Who does Jackson like? “Black men need more white women like Ann Coulter and Laura Ingraham,” Jackson wrote in a 2014 post. Even though they are conservative media personalities, they have done more to promote the well-being of black males than many of the very women who stridently complain about the lack of ‘eligible’ black men.”
Jackson explains that Coulter’s anti-immigration stance helps black people, quoting her statement that “We owe black people something… We have a legacy of slavery. Immigrants haven’t even been in this country.” As for Ingraham, Jackson quotes her statement that Democrats “turn their heads away from the millions upon millions of black babies slaughtered in the womb over 10 years.… Is that racist?”
Jackson concludes, “We black men need more white women like Coulter and Ingraham, not back [sic] women who will give a pass to a failing black president.”
Of course, it’s not just black women; President Obama received 96 percent of the African American vote in 2012. But Jackson says they are deluded by Black leaders who refuse to criticize the president else they “jeopardize their invitations to the White House’s Christmas party.”
So, Jackson continued, “it’s ok to do specific things for the Black bourgeoisie—private invitations to the White House, rides on Air Force One, private movie screenings at the White House, but [Obama] can’t do things specifically to address the high unemployment rate in the Black community?”
(The black unemployment rate when Obama took office was 12.7 percent; as of June, 2015, it was 9.5 percent. Obama also started the “My Brother’s Keeper” initiative in 2014 to focus on improving the lives of young African American men.)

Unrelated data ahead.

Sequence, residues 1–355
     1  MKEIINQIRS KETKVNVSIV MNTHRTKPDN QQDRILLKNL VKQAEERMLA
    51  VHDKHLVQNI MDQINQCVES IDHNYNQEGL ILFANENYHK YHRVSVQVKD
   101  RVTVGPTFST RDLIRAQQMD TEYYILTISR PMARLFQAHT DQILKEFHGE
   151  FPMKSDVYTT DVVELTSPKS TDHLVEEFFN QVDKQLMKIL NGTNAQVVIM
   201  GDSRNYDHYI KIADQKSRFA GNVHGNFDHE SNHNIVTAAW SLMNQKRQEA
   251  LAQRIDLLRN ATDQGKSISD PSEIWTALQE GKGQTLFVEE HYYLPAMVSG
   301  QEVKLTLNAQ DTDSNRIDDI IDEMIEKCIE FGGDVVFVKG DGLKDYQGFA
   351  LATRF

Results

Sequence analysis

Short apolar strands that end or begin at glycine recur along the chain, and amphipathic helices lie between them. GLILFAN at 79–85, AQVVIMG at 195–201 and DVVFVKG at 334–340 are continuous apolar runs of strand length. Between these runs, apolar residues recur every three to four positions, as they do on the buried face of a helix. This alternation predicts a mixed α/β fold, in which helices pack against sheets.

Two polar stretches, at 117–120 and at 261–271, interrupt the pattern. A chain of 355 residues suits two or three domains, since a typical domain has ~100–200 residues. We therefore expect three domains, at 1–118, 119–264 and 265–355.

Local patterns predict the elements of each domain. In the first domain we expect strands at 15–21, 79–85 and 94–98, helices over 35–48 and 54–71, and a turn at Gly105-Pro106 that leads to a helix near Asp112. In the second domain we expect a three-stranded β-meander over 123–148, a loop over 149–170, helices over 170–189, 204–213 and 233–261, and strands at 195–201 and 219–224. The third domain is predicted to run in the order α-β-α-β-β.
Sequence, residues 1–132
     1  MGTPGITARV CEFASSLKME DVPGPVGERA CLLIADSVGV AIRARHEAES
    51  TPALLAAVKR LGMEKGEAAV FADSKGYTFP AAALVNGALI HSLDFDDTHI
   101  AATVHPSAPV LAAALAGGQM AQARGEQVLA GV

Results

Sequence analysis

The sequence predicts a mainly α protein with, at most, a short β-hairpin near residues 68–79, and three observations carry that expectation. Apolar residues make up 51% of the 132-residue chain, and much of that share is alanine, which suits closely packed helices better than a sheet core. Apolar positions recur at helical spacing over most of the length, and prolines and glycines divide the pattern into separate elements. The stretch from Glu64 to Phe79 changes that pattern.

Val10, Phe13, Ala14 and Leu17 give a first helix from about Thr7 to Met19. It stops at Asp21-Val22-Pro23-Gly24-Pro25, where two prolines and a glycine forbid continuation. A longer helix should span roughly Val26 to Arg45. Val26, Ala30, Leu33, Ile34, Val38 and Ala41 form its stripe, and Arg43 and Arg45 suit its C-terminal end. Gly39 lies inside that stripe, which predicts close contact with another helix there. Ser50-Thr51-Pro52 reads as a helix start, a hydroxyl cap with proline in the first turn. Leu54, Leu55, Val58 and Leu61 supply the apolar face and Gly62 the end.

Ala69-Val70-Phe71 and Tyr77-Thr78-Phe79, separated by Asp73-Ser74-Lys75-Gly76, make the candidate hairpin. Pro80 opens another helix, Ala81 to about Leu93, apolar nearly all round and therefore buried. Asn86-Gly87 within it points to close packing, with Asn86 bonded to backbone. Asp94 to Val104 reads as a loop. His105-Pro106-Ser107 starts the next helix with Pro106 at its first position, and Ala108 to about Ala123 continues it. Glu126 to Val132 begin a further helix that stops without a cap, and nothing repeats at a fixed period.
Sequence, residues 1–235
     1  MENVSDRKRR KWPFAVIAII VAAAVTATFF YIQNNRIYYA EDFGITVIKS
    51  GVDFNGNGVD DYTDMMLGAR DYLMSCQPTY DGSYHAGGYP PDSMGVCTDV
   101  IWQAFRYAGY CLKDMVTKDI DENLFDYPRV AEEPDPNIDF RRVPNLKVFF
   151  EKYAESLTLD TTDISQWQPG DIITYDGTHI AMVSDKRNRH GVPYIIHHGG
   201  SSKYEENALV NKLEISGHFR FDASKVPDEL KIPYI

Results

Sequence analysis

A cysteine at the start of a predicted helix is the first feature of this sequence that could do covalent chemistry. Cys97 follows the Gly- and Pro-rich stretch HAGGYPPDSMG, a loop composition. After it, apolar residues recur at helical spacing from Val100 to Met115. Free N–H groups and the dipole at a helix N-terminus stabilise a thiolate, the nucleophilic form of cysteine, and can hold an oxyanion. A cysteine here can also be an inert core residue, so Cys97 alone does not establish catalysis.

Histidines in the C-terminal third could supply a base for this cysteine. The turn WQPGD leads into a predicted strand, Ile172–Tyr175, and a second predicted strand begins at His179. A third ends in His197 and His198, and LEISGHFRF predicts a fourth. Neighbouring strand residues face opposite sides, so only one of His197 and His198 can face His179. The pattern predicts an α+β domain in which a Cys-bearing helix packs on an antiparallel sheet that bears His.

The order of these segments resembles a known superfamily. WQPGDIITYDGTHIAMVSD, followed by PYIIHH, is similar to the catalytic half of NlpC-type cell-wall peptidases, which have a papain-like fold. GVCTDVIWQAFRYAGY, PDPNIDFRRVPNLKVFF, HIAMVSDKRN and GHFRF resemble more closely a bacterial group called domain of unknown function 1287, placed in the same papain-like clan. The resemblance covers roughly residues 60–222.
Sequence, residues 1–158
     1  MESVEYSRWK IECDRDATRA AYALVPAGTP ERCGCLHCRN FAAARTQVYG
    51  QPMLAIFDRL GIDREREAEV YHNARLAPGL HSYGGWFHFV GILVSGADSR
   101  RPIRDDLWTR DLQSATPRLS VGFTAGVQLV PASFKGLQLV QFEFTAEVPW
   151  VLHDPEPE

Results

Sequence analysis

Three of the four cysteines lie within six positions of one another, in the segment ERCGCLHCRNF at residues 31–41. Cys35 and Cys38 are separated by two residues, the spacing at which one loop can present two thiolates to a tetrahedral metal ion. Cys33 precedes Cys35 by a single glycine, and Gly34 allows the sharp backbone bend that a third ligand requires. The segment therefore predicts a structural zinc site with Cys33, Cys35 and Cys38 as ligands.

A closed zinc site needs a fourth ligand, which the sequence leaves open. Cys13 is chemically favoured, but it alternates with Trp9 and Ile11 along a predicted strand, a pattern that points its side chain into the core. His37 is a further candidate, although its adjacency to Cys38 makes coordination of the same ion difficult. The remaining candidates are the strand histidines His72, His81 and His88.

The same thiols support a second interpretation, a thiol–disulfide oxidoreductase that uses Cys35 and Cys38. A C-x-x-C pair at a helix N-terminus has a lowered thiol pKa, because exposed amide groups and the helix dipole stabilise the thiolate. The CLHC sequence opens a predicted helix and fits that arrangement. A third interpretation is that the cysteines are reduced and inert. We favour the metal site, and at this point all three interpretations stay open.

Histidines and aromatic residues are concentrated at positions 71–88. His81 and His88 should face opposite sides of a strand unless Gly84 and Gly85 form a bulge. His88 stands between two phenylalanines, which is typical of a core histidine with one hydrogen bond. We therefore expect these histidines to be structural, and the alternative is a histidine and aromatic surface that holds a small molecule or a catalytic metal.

In fact, the predominant theme in Jackson’s many online screeds seems to be his own resentment at being excluded from such elite circles. In a 2015 blog post, he complained that GOP chairman Rience Priebus stole his idea of giving out a “Black Republican Trailblazer Award” each February.
Most curiously, he complained in 2012 that “My Republican Party Has Abandoned Me” and rebuffed his efforts to attract more black voters. And yet, he wrote in 2012, “twice this year some of these same people have approached me about funding for some election year tricks that they (White Republicans) have conjured up and simply need a Black face to execute the plan. On these two separate occasions, these funders were willing to spend upwards of $20 million to have me organize a national campaign to identify Blacks who would be critical of President Obama.”
But wait, isn’t that exactly what Robert Mercer is paying him $400,000 to do in 2016?